Communicate with Main Thread Move over channels or queues

We were able to achieve Clojure like channels that solved the problem of a hot running "main thread". The system was horizontally scalable now. We onboarded volunteers and assigned them a task. We also got a bird's eye overview for free.

Over time, we wrote similar guides for Volunteer Onboarding, Social Media Outreach and Distribution Management. We also had processes for Procurement and Accounting, but we have not been able to generalize them yet.

Karuna Airtable Base Our Airtable base as of today

This system took multiple iterations and feedback from the entire team.

I was happy to see other volunteers pointing out mistakes and improvements in the guide. I think this truly worked because 2 of the volunteers onboarded by me, used the guides and onboarded 4 more people.

Since all our data was open source, we could easily issue pull requests to update the guide. Anand had setup Github actions to rebuild the site periodically, which meant all updates would go live within 24 hours.

I was pleasantly surprised at Anand's velocity. The man built this website update mechanism in less than 48 hours. Another 24 hours for integration with the static website. Perhaps less than that.

The intellectual lesson

Use queues everywhere

Queues make our life easy. I recalled Rich Hickey's talk about queues and core.async and was amazed at his first principles approach. We as a team literally implemented the high-level concepts of CSP to a real, async, and multi-threaded system.

The system in action

I considered it my responsibility to test the system and make improvements. So the developer in me picked the phone and called a beneficiary who had requested a dry ration kit.

We had received a request from a woman who took tuitions for underprivileged children. She told us that some of her students' families were facing issues due to lack of supplies.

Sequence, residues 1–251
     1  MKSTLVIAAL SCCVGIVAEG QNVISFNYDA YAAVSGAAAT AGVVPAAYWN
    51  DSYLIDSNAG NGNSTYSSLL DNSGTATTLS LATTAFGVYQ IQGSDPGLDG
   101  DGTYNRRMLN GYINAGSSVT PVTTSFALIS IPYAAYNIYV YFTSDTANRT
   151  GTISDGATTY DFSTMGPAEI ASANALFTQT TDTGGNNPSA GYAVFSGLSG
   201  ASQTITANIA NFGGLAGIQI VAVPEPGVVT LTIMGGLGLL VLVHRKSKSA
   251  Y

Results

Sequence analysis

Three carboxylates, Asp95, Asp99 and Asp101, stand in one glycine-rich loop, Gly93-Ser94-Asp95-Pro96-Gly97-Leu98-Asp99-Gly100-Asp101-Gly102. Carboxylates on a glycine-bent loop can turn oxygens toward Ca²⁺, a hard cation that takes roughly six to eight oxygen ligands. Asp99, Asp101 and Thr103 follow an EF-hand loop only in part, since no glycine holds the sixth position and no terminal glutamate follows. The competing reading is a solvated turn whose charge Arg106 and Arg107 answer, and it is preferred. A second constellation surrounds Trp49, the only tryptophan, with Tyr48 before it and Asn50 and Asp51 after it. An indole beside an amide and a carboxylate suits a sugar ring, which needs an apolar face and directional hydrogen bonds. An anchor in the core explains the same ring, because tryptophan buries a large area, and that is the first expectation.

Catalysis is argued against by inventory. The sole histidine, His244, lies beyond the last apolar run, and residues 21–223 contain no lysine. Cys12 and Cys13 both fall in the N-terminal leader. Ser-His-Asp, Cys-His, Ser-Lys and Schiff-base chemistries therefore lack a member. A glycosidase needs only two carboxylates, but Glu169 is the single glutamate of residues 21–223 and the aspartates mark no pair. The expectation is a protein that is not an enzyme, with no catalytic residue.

These kids were not more than 12-15 years old. Yet, they took the initiative to contact us and to provide us with a list of beneficiaries and other required docs.

I called the kid up and asked if her mom or dad was nearby.

She connected me to her father, who told me that they had run out of food two days ago. He was now going out to buy vegetables. He told me that his children were hungry.

It was overwhelming to hear that. I had tears in my eyes and wanted to help them as soon as possible.

Until now, I was just building a system like any other. After realizing the situation on-ground, I wanted it to succeed even more. We delivered kits to these families within 72 hours of receiving the request. The delays were majorly due to restrictions in movement due to regulations.

Our process was to capture pictures of beneficiaries and post them publicly. We made sure to blur faces. This transparency led to more donations.

Our impact

We raised almost 2,000,000 INR ($ 27,000) in less than 35 days, in cash and kind. We estimate that we have helped over 10000 people with food and health supplies for 1 month and another 20000 with masks.

We are happy with the impact we made, but also realize that our relief work is peanuts compared to the damage caused by the virus.

When all hope is lost, our only option is to stay hopeful.

Going forward

We are working to continue our efforts and have decided to focus all attention on a community of 500 families.

We are also working with two other NGOs that deal with metal health issues to streamline their efforts using our processes.

Feel free to send any questions, or thoughts on this article on twitter @shivek_khurana.